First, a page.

We used a method known as “fluorescence in situ hybridization” to accomplish this. Basically, we add fluorescent tests to the coral that explicitly tie it to microbes. These probes, and consequently the bacteria, light up when excited by a laser beam.

Our corals’ tentacles contained large clusters of bacteria, as we discovered. Why are tentacles there? Tentacles are involved in both catching prey and repelling predators, so we think this could be related to nutrition or defense.

We wanted to know what kind of bacteria were in these bacterial clusters after we discovered them. Regularly, to distinguish a coral’s bacterial microbiome, coral examples are crunched up, and the DNA of the multitude of microorganisms is sequenced and contrasted with that of other known microscopic organisms.

This method, however, would not work because it would not distinguish between bacteria in the tissue, mucus, gut, skeleton, etc. because we were only interested in the bacteria in the tentacular clusters.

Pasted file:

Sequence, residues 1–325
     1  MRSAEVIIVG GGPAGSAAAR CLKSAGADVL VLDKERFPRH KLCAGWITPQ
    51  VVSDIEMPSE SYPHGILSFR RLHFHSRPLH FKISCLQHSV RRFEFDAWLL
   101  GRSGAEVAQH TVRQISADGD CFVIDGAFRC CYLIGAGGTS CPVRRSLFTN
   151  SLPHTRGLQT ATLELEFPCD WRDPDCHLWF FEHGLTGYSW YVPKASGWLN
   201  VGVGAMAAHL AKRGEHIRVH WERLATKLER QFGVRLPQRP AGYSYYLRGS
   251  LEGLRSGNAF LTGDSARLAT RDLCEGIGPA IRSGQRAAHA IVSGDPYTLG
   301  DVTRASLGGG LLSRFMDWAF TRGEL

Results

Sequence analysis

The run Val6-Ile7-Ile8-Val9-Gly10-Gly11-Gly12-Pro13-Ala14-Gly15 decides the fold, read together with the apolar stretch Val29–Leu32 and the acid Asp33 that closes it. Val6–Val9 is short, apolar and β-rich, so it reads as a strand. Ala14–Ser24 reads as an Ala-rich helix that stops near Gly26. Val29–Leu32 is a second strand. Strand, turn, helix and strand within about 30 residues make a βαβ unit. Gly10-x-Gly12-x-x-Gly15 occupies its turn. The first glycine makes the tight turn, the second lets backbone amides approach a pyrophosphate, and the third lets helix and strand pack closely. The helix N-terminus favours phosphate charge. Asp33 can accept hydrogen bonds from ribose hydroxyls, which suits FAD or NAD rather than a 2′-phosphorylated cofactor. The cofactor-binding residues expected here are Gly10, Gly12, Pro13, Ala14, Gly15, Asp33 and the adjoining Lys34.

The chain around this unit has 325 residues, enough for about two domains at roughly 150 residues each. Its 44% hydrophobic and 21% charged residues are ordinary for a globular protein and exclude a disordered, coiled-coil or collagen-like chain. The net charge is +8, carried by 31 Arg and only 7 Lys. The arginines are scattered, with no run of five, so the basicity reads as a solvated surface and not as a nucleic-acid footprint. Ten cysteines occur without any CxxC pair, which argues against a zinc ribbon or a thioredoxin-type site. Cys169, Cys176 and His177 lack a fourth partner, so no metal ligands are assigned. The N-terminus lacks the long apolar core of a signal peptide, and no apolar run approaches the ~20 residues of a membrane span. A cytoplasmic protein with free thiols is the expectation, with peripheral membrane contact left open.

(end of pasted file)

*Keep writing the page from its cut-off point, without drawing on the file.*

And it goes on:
Instead, we utilized a method known as “laser capture microdissection” to precisely remove extremely small portions of tissues, similar to the clusters that the bacteria formed. With this strategy, we could only isolate tissue-related microorganisms and sequence their DNA to distinguish them and grasp their capabilities.

Before and after laser capture microdissection, a method that enables very precise sampling from tissue sections, a bacterial aggregate (in red) Credit: Justin Maire.

Does Chlamydia infect corals?
The coral’s tentacle aggregates contained two types of bacteria.

One of them belongs to the bacterial order known as the Chlamydiales, which includes the pathogens that cause Chlamydia infections in mammals. Since chlamydia infections in corals have never been documented before, this is an unexpected finding.

It is known that chlamydiales steal energy from their host in the form of adenosine triphosphate (ATP, which is the cell’s primary energy transfer source). The disease with which these bacteria infect mammals like humans and koalas is based on this energy parasitism.

We demonstrated, in collaboration with Dr. Astrid Collingro and Professor Matthias Horn, experts in Chlamydiales at the University of Vienna in Austria, that this bacterium thrives on coral-provided nutrients and energy.